‘Basing itself on Sacred Scripture, which presents homosexual acts as acts of grave depravity, Tradition has always declared that ‘homosexual acts are intrinsically disordered’. They are contrary to the natural law. They close the sexual act to the gift of life. They do not proceed from a genuine affective and sexual complementarity. Under no circumstances can they be approved’ [Catechism of the Catholic Church, 2357]. I have never actually quoted this in a school, and have no particular desire to do so. In general, I steer well away from the subject. I’m concerned to communicate the facts about the Church’s message on marriage, and/or my own involvement with this as a Catholicjournalist. But if the issue comes up (‘Well, what d’ya think about, like, gays, then?’), I am certainly prepared to quote the Catechism and to explain that I support its teaching – and I’d probably link the section just quoted with the next, which says, among other things: “The number of men and women who have deep-seated homosexual tendencies is not negligible. They do not choose their homosexual condition: for most of them it is a trial. They must be accepted with respect, compassion and sensitivity. Every sign of unjust discrimination in their regard should be avoided’ [Catechism 2358]. I might go on to add that such people are not just a ‘they’ – for among such people are personal friends, people I enormously like and whose company I enjoy.

So what am I to do? Probably, I’m not going to be asked to speak about marriage or relationships much more anyway. I have benefited from a desire in some (not many) schools to attempt to put ‘both sides’ of the debate on relationships, so getting in someone who has links with the pro-life, Catholic, pro-family, or just vaguely Christian, network has been a way of offering a little more than the usual school-nurse-with-contraceptives deal. It now seems likely this will cease, or gently dry up.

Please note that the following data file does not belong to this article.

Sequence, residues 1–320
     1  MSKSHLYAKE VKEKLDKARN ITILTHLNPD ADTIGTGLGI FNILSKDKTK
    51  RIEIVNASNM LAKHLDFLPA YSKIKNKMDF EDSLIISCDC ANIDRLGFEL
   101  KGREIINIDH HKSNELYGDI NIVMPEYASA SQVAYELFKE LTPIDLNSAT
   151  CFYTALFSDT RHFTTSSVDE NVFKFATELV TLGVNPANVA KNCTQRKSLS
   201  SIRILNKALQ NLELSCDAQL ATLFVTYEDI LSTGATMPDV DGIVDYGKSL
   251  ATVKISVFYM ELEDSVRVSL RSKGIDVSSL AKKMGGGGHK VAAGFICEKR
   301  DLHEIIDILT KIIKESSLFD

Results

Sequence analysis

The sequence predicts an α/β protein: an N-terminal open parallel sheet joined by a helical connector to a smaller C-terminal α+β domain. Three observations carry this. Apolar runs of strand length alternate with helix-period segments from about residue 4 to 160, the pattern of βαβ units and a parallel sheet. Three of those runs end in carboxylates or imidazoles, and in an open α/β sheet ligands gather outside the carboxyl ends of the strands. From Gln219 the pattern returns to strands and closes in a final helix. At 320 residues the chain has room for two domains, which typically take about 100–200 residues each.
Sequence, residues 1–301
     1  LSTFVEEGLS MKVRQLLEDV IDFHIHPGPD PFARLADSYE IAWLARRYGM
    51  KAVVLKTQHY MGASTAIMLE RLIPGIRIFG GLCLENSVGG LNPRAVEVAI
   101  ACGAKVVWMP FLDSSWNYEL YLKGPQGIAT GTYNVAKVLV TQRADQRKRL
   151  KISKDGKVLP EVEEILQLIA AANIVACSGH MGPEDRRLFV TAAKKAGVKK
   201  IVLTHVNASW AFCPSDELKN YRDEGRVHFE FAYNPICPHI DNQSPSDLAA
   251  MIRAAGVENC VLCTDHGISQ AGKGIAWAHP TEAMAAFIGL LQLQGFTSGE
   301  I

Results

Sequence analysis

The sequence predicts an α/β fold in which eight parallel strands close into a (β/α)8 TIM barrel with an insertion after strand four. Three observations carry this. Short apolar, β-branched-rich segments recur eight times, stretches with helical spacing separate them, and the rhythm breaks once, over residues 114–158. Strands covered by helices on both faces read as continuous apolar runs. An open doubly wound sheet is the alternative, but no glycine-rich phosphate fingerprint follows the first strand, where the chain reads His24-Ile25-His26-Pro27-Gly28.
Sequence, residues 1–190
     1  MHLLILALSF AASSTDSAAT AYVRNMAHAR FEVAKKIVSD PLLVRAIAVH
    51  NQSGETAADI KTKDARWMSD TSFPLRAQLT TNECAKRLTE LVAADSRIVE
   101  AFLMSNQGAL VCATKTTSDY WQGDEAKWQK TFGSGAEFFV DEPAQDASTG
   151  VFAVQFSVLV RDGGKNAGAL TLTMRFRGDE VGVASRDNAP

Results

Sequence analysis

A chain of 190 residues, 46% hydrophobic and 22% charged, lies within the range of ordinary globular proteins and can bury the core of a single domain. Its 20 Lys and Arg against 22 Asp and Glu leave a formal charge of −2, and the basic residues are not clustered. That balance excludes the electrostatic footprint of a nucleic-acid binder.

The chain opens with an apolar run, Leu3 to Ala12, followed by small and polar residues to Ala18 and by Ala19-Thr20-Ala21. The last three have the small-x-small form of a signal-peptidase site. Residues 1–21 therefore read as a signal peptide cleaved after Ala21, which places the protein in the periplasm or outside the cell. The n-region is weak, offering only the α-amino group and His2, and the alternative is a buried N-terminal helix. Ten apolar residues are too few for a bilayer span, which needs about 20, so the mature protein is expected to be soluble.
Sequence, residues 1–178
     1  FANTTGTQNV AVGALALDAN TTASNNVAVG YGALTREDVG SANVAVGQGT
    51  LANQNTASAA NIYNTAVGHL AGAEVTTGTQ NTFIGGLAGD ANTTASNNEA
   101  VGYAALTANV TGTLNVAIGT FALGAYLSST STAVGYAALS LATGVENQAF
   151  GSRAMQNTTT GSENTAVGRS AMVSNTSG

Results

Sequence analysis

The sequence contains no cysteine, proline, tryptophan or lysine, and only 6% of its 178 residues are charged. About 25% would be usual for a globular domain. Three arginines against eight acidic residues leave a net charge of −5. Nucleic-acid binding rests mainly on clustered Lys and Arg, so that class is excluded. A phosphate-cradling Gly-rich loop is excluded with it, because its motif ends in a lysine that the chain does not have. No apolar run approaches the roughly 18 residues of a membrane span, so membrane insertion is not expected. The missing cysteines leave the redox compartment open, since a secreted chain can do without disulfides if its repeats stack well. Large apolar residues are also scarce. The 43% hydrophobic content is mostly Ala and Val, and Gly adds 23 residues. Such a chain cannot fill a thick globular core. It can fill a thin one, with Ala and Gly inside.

Will there be a test case, getting this whole thing examined in the courts? When details of the Sexual Orientation Regulations were announced, the Catholic Bishops publicly expressed concern about the position of Church adoption societies which cannot, while remaining true to the Church, offer children to homosexual couples who by their lifestyle openly oppose Catholic teaching. It makes the whole point of having a Catholic adoption society pointless. It remains to be seen what, if any, legal steps the Bishops decide to take on that. But there are other, much wider implications to the Regulations.